Media Grossly Downplaying the Depths of the Wells Fargo Scandal
Former financial regulator Bill Black says media coverage has falsely portrayed Wells Fargo’s image as untarnished by previous financial fraud
JAISAL NOOR, TRNN: Wells Fargo scrapped its product sales goals for retail bankers and may take further disciplinary action against its employees in the wake of a fake account scandal that has already led to a hundred ninety million in fines and the firing of fifty-three hundred employees. Wells Fargo has been hit hard by allegations that staff opened more than two million bank accounts and credit cards for customers without their consent in a bid to meet internal sales goals. Politicians are calling for an investigation in Wells Fargo and regulators are expected to testify in the senate, next week.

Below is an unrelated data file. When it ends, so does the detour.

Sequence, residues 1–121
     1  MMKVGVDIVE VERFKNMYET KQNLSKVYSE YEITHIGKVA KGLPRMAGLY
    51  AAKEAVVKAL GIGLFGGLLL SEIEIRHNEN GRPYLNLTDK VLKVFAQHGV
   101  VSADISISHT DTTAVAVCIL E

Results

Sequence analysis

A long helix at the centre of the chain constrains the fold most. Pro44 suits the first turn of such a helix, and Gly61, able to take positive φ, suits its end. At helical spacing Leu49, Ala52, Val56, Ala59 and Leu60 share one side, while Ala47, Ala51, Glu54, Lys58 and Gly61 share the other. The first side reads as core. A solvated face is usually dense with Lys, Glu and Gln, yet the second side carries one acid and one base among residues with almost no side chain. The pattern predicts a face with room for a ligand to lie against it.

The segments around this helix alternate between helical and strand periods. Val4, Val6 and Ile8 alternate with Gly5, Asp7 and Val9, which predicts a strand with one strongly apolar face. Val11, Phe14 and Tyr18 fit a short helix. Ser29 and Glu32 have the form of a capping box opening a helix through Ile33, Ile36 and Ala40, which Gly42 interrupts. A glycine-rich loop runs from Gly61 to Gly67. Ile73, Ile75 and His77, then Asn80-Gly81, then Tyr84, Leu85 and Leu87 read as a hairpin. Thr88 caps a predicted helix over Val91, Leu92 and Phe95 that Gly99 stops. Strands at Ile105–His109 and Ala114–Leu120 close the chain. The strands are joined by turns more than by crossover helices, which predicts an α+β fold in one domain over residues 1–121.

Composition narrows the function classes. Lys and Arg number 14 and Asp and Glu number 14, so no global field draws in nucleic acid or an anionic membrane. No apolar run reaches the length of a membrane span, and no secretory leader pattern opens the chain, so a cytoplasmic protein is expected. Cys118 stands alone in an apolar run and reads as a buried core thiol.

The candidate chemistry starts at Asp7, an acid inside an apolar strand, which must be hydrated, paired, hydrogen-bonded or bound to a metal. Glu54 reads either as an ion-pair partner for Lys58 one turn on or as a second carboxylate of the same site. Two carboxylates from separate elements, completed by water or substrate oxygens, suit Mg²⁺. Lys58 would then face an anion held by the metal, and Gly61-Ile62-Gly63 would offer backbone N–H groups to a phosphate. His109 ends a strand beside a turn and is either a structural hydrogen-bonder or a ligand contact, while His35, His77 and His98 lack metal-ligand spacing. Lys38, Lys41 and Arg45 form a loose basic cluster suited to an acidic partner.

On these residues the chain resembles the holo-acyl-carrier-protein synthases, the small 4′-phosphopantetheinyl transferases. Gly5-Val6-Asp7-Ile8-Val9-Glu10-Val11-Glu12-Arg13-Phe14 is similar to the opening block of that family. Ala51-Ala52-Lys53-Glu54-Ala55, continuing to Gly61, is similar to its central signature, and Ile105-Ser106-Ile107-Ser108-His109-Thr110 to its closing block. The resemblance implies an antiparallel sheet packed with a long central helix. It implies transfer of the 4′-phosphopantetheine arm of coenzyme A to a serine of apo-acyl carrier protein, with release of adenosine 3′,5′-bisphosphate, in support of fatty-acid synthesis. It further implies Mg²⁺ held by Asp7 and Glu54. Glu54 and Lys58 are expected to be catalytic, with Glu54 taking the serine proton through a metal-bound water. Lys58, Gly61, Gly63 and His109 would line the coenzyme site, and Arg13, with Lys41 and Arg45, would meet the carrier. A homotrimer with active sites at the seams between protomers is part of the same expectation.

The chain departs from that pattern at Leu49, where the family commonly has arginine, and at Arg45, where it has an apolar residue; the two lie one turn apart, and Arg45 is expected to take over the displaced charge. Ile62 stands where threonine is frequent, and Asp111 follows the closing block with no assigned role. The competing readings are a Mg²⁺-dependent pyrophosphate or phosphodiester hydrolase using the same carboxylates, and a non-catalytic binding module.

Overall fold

Now joining us to discuss this is Bill Black. He’s an associate professor of Economics and Law at the University of Missouri, Kansas City. He’s a white-collar criminologist, former financial regulator and author of The Best Way to Rob a Bank is to Own One and, of course, a regular contributor at The Real News. Thanks so much for joining us again, Bill.
BILL BLACK: Thank you.
NOOR: So, Bill, it’s been interesting to kind of see the fall out for this Wells Fargo scandal. I’m looking at the headline from Marketplace, Wells Fargo CEO John Stumpf, has to resign now. What’s interesting is that, purportedly, Wells Fargo is one of the most respected financial institutions that hasn’t been caught up in the scandals around the financial crisis because it did not rely on risky trades or complex derivatives to turn a profit. Give us your thoughts about this latest scandal and that narrative that’s being put forth in the mainstream media.